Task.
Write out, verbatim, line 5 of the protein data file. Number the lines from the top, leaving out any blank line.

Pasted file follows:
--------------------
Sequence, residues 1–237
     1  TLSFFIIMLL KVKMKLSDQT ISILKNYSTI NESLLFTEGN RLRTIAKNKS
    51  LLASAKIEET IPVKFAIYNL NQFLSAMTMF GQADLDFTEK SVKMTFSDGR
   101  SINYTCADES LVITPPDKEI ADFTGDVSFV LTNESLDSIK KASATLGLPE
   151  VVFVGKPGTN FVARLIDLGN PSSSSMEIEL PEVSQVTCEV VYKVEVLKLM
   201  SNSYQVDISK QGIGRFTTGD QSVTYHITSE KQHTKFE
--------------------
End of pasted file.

   151  VVFVGKPGTN FVARLIDLGN PSSSSMEIEL PEVSQVTCEV VYKVEVLKLM